By Jamil Dababat
Translated by Hind Husseini
I used to wander all the time in northern Palestine, where I live, in search of what my eyes had not seen in our stolen country, that which might be hidden. On a summer night in 2018, while I was standing next to a bus station in a Jewish town in Marj Ibn Amer, I heard a man talking on his mobile phone. But I had no idea what language he was speaking. The predominant language here is Hebrew. When the man finished his call, I asked him about the language. It turned out that he was from the Circassian minority that lives in a village near Tiberias.
I have never spent much time reflecting on the significance of the mosaic nature of Palestinian history, whether in the ancient past when religions and civilizations emerged in this country or in modern times. But I have always taken pride in Palestine and compared it to the great empires. I am convinced that the small geographic area of Palestine constitutes the most beautiful mosaic, and that the preservation of our homeland’s true face as it was before the 1948 Nakba is part of the precious beauty of the world.
Above and below the earth lies the window of opportunity for Palestine to claim its prominence: from the shores of the Mediterranean Sea in the west to the Jordan River in the east, from Ras al-Naqoura in the north to Rafah in the south, Palestine boasts splendid diversity. Over thousands of years, many different religions and languages have emerged in Palestine, proclaiming to humanity a uniqueness and sanctity that is unparalleled within such a limited geographical area!
But the current article is not intended to lament the past but rather to examine the uniqueness of the homeland in the form of numbers.
Extensive diversity was evident in the number of languages spoken in Palestine at the time of the first comprehensive census carried out in 1922 by the British Mandate authorities in Palestine. At that time, there were not only the three languages of Arabic, Hebrew, and English, but rather a total of forty languages were counted. The results of the census appeared in the official archives of the Mandate government of Palestine. One of the last pages that list the results of the census shows the diversity that the country experienced during an era when the fear of losing it was increasing day by day.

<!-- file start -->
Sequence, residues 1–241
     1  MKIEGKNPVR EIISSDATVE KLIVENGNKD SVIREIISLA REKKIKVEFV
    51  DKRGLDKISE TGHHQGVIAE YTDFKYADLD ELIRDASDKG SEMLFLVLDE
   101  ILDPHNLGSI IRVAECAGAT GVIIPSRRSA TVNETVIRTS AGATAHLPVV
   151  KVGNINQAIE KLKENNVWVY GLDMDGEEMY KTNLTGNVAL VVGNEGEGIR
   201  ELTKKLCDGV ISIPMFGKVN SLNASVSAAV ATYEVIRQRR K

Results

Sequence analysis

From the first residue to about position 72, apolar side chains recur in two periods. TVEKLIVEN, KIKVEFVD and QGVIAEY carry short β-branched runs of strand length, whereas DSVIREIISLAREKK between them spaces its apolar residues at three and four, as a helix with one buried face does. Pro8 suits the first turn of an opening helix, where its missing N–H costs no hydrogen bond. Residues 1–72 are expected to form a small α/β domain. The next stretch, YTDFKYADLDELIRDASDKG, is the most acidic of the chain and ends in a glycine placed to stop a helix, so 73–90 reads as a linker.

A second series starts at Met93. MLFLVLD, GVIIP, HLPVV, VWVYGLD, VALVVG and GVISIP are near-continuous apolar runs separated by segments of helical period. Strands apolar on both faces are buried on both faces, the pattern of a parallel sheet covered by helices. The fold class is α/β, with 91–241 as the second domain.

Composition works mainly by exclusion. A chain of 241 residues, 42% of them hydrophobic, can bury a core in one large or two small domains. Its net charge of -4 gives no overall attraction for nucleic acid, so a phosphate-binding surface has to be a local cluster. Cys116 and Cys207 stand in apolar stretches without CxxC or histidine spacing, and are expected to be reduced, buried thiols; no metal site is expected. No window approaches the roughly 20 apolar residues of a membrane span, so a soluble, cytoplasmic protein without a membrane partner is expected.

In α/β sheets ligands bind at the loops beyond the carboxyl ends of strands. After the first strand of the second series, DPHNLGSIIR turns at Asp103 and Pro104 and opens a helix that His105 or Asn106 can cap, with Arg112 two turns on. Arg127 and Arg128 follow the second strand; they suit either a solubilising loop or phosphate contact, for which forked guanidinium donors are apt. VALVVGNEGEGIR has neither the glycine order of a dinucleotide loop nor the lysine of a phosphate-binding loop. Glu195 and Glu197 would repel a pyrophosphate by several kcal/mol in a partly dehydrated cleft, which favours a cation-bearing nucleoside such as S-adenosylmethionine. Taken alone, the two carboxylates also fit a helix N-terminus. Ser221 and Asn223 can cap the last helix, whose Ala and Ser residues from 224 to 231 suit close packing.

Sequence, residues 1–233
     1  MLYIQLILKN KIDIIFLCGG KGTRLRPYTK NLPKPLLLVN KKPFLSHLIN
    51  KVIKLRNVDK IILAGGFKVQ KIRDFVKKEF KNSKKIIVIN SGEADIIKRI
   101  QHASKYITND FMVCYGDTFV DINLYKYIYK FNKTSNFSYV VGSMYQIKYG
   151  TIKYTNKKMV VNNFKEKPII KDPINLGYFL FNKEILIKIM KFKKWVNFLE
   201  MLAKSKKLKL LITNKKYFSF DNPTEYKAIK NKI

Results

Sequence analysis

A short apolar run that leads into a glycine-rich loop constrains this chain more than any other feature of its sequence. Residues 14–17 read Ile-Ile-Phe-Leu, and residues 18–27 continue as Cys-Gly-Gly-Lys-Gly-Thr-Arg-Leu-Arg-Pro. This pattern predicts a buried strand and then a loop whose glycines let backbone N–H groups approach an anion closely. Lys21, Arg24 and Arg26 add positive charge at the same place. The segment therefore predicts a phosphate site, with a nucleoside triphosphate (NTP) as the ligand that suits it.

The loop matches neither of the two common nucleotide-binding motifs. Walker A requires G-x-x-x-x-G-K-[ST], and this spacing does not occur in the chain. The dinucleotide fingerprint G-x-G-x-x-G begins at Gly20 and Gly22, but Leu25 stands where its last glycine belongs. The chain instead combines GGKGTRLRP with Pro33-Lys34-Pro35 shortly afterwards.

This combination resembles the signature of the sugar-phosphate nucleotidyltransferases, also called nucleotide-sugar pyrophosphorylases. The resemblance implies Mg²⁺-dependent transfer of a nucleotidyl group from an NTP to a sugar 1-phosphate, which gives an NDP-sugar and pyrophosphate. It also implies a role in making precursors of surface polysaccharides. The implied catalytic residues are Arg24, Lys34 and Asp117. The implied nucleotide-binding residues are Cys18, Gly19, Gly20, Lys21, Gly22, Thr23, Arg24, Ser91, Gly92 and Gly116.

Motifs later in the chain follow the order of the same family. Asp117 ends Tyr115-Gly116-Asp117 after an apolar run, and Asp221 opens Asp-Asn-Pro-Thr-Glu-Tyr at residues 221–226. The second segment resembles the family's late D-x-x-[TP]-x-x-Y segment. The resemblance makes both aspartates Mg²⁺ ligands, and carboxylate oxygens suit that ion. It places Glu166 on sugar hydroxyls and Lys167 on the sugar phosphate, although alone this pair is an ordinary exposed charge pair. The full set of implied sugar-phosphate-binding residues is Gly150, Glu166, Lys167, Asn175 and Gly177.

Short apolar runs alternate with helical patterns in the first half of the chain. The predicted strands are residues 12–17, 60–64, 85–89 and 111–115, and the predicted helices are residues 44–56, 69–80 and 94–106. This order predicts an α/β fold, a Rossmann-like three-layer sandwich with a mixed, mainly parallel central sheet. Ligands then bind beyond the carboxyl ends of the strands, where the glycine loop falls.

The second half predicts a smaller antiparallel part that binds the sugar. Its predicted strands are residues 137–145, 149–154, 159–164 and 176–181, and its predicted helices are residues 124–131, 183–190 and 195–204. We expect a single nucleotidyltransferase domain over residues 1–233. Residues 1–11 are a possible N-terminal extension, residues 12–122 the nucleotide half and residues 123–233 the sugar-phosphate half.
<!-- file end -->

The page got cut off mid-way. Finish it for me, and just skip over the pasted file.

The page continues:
Speakers of the above languages were found in Palestine for a variety of reasons that included military, religious, and touristic reasons, as well as other factors that are not understood even today. One hundred years after the issuance of these statistics, I understand better the distinctiveness of Palestine, even if we look at it from the perspective of mere numbers.
The Palestine Census of 1922 was the first systematic census of the components of life in Palestine, despite the Ottoman population census that was carried out in an earlier era. On October 23, 1922, the population of Palestine was estimated at 757,182, which included Mandatory soldiers and foreigners. They were divided according to religion, bringing the number of Muslims to 590,390, Jews to 38,694, Christians to 73,024, Druze to 7,028, Sikhs to 408, Baha’is to 265, followers of Shi’a Islam in Lebanon to 156, and Samaritans who spoke an ancient Hebrew language to 163. What struck me was that the Samaritan language did not appear in the census results.
However, there were also a number of villages in the north that were not counted because they were under French control, despite the fact that they were located in Palestine according to the Paulet-Newcombe Agreement of 1920.
Some of the results of the 1922 census of Palestine were attention-grabbing and led me to raise a number of questions about that era, such as: With whom did the only speaker of the Chaldean language speak? Was it his mother tongue or a language he learned for other reasons? What would a Japanese person be doing in Palestine, since the results of the census showed that there was only one person who spoke that language? And where is the Romani language still spoken in Palestine?